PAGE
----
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Lathe of Heaven (Sf Masterworks 44) by…

Lathe of Heaven (Sf Masterworks 44) (original 1971; edition 2001)

by Ursula K Le Guin

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3,247621,707 (3.98)2 / 144
Title:Lathe of Heaven (Sf Masterworks 44)
Authors:Ursula K Le Guin
Info:Millennium Paperbacks (2001), Paperback, 192 pages
Collections:Your library
Tags:fiction, science fiction, dystopia

Work details

The Lathe of Heaven by Ursula K. Le Guin (1971)

  1. 20
    The Dream Master by Roger Zelazny (paradoxosalpha)
    paradoxosalpha: Science fiction about the technological control of sleeping dreams. They're just dreams, right? What could go wrong?
  2. 20
    Amnesia Moon by Jonathan Lethem (ahstrick)
  3. 13
    Lord of Light by Roger Zelazny (storyjunkie)
    storyjunkie: Both books carry a philosophical weight to their world-saving. A similar atmosphere to their protagonists, worlds, and occupancy of a more soul-searching lot in the science fiction spectrum make them nicely complementary to each other.
  4. 03
    The Tao of Pooh by Benjamin Hoff (The_Kat_Cache)
    The_Kat_Cache: The Lathe of Heaven is chock-full of Taoist principles. This book elaborates on the philosophy in an easily accessible manner.

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English (59)  French (2)  German (1)  All languages (62)
Showing 1-5 of 59 (next | show all)
The Lathe of Heaven was the first Le Guin novel I ever read, and in many ways it is the speculative fiction novel I had always been waiting for. That's because it is just so marvelously written, in addition to being wildly imaginative and deeply engaging. Le Guin, I discovered, is the sort of writer that could write anything and I'd gladly read it, and this became clear within the first two pages of the book.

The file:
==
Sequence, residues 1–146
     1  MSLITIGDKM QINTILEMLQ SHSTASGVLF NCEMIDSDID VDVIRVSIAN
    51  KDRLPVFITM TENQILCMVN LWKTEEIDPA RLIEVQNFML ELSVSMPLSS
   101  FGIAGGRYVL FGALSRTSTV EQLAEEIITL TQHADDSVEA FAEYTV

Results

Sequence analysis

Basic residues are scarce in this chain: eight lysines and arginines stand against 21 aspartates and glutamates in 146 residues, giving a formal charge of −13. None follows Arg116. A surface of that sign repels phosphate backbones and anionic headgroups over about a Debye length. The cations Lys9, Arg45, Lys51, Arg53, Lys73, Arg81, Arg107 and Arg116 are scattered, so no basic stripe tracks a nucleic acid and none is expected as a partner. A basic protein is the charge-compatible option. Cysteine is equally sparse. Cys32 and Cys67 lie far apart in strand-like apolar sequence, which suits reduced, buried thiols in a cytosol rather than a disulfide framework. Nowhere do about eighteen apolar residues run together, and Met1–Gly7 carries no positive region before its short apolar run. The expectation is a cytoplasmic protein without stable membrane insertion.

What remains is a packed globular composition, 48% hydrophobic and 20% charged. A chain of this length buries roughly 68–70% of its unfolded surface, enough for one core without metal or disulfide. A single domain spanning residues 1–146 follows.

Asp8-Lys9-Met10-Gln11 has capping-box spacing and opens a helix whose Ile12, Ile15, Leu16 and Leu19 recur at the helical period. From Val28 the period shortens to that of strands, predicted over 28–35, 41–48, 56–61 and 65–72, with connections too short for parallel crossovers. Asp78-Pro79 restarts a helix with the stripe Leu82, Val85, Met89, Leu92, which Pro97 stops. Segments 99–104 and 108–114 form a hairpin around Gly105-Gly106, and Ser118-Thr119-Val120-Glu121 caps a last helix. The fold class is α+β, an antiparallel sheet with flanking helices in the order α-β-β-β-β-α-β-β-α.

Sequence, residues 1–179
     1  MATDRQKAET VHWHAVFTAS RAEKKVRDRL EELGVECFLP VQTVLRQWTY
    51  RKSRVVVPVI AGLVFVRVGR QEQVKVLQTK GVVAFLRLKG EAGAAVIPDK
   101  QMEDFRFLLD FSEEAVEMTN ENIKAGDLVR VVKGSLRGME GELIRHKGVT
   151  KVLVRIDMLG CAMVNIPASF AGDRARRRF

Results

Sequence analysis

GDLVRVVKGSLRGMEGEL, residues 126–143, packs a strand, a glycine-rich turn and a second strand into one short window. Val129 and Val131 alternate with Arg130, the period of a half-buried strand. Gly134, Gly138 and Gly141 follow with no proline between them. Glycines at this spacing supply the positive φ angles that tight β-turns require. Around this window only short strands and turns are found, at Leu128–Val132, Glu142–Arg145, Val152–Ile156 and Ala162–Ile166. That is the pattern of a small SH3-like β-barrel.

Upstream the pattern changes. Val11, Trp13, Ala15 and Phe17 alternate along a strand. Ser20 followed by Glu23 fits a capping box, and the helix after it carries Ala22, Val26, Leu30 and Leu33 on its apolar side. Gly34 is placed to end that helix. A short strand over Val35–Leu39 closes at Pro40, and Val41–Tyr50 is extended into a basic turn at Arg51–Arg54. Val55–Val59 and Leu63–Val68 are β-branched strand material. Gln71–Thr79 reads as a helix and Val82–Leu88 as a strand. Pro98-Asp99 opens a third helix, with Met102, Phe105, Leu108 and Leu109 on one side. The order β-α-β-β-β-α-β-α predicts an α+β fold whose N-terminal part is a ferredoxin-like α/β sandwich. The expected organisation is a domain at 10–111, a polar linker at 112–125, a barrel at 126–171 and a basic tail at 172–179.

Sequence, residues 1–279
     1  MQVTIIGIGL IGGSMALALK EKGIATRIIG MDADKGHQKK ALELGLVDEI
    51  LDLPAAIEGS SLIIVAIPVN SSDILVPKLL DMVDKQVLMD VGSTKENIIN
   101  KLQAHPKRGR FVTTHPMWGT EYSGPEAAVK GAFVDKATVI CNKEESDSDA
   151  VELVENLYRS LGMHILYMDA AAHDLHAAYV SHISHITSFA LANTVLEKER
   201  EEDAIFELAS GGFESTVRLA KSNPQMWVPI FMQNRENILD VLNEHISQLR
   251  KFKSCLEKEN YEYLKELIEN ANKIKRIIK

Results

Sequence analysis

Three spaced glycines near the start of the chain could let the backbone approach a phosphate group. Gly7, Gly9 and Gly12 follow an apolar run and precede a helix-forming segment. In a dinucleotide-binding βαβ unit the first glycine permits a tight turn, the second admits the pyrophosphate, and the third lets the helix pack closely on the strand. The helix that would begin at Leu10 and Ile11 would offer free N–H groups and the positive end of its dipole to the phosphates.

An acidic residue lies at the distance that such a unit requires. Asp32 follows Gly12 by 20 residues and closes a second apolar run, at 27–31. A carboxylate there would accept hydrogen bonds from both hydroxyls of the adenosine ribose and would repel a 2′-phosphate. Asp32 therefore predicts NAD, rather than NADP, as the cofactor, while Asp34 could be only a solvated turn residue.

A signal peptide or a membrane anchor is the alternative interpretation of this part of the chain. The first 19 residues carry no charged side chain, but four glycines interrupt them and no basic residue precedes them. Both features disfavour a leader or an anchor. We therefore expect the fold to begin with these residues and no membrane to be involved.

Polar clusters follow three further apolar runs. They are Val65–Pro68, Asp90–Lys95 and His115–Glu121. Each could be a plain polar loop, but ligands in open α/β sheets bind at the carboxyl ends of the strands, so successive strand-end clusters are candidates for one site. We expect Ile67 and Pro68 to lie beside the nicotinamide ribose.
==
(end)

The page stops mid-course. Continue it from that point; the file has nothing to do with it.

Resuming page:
Le Guin's greatest achievement in The Lathe of Heaven, however, is that it all just feels so real (and this in a book with continuum-shifting dreaming and an invasion of extraterrestial turtles). The characters, and the protagonist George Orr in particular, are believably portrayed and psychologically complex. The characters' actions and the turns of the plot follow naturally though not entirely predictably upon one another. And the world itself is immersive and detailed, in spite of its frequent oneiric rearrangings.

It is this visceral reality of Le Guin's impossible fiction that gives The Lathe of Heaven its this-worldly literary impact. The near-novella hits on countless issues in its less-than-two-hundred pages (everything from geo- and global politics to Taoist spirituality), but more than anything else it is an exploration of moral responsibility. Through its imaginative set-up, Le Guin creates a mutually opposed protagonist-and-antagonist pair, neither of which is straightforwardly blameworthy for his actions, or straightforwardly innocent, either. In this moral morass Le Guin asks us to contemplate what a concerned agent can and should do.

It is a powerful and thought-provoking question, and The Lathe of Heaven poses it in a powerful and thought-provoking way which is also eminently readable and thoroughly enjoyable. ( )
1 vote williecostello | Mar 11, 2014 |
This is one of the best science fiction books I've ever encountered, and just about the only INTELLIGENT science fiction i have ever seen adapted to television or movie forms.

A masterwork of ontological possibilities. . . ( )
  mattakunobaka | Feb 5, 2014 |
This novel does not fit neatly into any given category. It has elements of philosophy, fantasy, science fiction, post-apocalyptic fiction, and more. A bare bones description doesn't really convey the sense of what's going on, or how the reader is drawn along despite themselves. It's a wonderful book, that can be read and interpreted in many different ways. Which has been shown by two movies, both good, and yet very different, adapted from the novel. ( )
  BruceCoulson | Jan 29, 2014 |